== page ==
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For Immediate Release
Office of the Press Secretary
September 20, 2004
Message to the Congress of the United States
TO THE CONGRESS OF THE UNITED STATES:
Consistent with subsection 204(b) of the International Emergency Economic Powers Act, 50 U.S.C. 1703(b)(IEEPA), I hereby report that I have issued an Executive Order (the "order") that terminates the national emergency declared in Executive Order 12543 of January 7, 1986, and revokes that Executive Order, Executive Order 12544 of January 8, 1986, Executive Order 12801 of April 15, 1992, and Executive Order 12538 of November 15, 1985. I have determined that the situation that gave rise to this national emergency has been significantly altered by Libya's commitments and actions to eliminate its weapons of mass destruction programs and its Missile Technology Control Regime (MTCR) -class missiles, and by other developments.
Executive Order 12543 of January 7, 1986, imposed sanctions on Libya in response to policies and actions of the Government of Libya that constituted an unusual and extraordinary threat to the national security and foreign policy of the United States. Those sanctions were modified in Executive Order 12544 of January 8, 1986, Executive Order 12801 of April 15, 1992, and supplemented Executive Order 12538 of November 15, 1985.
Based on Libya's recent commitments and actions to implement its December 19, 2003, commitment to eliminate its weapons of mass destruction programs and its MTCR-class missiles, and other developments, I have determined that the situation that gave rise to the national emergency declared in Executive Order 12543 has been significantly altered. My order, therefore, terminates that national emergency with respect to Libya and revokes Executive Orders 12543, 12544, and 12801, and lifts the trade, commercial, and travel sanctions imposed against Libya based on that national emergency. The order also revokes Executive Order 12538, which blocked the import of petroleum products refined in Libya into the United States.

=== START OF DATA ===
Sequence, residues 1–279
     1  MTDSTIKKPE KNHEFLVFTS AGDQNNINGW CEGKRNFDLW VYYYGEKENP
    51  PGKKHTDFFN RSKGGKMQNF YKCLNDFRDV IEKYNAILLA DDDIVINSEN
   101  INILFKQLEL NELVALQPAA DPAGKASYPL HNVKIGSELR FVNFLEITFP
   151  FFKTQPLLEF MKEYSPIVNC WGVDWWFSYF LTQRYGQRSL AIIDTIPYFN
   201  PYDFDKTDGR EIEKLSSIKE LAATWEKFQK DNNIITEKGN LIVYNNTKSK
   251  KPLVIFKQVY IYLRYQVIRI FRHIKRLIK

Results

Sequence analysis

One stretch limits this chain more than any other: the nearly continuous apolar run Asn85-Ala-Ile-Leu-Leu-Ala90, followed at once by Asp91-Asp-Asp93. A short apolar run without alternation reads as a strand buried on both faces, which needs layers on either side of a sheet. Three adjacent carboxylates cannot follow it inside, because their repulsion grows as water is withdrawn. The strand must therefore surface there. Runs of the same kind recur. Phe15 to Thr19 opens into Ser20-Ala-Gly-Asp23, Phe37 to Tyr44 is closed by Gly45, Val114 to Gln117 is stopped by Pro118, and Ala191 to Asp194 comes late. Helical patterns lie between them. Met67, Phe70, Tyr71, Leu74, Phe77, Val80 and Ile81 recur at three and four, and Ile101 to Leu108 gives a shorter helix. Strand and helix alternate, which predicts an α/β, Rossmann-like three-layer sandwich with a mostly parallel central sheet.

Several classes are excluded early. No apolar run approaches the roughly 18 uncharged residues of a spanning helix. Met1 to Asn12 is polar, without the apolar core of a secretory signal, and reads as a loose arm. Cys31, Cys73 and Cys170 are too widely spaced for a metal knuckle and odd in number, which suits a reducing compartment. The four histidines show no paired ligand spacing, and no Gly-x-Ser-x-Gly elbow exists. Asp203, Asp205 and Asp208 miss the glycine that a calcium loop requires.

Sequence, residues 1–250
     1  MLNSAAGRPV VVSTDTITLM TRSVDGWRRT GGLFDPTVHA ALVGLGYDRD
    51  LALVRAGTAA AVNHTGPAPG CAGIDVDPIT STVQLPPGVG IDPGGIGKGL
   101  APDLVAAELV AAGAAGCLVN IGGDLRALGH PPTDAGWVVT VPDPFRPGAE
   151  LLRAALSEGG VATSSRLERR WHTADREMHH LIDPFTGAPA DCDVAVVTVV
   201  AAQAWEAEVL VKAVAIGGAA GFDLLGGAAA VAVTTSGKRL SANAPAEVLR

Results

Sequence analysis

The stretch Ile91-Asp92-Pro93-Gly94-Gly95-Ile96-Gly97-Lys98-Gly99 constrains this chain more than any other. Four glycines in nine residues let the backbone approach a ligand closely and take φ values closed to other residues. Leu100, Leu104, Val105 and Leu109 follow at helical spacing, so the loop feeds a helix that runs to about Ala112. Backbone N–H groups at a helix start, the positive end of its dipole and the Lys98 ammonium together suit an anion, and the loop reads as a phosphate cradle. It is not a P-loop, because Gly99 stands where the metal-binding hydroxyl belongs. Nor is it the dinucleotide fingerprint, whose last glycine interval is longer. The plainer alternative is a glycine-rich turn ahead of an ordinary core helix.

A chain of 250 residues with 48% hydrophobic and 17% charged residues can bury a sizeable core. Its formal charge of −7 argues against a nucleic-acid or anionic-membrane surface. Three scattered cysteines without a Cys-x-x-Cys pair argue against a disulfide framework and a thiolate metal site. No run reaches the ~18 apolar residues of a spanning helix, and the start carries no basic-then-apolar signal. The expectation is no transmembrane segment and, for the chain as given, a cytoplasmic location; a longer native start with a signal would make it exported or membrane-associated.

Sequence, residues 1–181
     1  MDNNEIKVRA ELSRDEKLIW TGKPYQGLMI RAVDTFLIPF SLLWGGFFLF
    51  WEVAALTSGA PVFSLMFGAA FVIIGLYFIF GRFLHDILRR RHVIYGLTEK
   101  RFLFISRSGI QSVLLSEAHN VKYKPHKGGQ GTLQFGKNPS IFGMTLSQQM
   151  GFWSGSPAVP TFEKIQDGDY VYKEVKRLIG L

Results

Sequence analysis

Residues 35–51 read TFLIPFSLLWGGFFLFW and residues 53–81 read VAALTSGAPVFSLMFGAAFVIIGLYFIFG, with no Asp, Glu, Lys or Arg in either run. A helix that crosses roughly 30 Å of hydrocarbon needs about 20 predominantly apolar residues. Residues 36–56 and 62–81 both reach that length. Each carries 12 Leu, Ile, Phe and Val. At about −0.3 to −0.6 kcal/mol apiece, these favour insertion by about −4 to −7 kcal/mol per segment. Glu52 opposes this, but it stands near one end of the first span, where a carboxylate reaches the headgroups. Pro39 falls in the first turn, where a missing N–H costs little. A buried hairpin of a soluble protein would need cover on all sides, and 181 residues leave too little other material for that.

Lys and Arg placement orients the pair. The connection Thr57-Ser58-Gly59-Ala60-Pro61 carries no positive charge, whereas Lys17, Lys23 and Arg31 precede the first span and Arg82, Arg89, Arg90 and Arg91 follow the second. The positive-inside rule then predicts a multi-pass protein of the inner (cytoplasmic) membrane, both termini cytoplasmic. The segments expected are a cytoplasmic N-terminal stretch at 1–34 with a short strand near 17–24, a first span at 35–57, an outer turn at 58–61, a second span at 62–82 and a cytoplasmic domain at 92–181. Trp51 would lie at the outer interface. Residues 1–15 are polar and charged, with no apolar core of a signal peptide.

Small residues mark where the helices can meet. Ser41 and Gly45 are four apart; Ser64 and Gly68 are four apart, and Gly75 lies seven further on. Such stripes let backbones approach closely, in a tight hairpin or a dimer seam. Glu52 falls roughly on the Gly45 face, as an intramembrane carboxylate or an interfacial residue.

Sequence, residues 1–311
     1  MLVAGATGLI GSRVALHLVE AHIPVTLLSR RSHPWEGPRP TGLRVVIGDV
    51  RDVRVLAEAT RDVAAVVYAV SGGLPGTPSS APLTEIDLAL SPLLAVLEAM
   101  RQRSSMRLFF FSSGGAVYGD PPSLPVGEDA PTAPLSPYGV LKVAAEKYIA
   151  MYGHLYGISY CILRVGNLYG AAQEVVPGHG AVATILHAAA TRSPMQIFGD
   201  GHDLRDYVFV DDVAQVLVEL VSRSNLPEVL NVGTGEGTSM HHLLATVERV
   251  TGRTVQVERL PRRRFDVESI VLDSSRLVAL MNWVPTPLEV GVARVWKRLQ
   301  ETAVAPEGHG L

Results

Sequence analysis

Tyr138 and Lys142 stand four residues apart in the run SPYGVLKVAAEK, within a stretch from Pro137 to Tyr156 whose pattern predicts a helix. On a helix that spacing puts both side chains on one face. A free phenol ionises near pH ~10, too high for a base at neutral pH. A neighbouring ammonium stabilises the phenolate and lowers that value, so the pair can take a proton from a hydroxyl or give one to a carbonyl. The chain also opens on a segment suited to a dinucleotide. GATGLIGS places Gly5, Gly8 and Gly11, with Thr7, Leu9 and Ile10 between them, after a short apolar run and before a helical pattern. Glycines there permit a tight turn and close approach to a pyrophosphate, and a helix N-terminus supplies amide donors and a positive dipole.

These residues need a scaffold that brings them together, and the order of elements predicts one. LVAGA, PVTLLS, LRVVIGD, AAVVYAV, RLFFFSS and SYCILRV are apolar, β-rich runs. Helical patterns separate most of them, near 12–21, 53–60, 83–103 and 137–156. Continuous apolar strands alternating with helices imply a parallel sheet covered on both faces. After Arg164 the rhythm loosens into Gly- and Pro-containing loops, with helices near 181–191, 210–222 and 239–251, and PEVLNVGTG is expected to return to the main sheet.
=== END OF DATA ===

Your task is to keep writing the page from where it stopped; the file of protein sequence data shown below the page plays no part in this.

While the order formally lifts sanctions under the national emergency with respect to Libya, it will not lift a wide variety of other sanctions imposed on Libya due to its designation as a state sponsor of terrorism under section 620A of the Foreign Assistance Act (restriction on foreign assistance), section 40 of the Arms Export Control Act (restriction on arms exports), and section 6(j) of the Export Administration Act of 1979 (restriction on exports of certain items on the Commodity Control List), as well as other statutory restrictions applicable to Libya.
I have enclosed a copy of the order, which is effective at 12:01 a.m. eastern daylight time on September 21, 2004.
GEORGE W. BUSH
THE WHITE HOUSE,
September 20, 2004.
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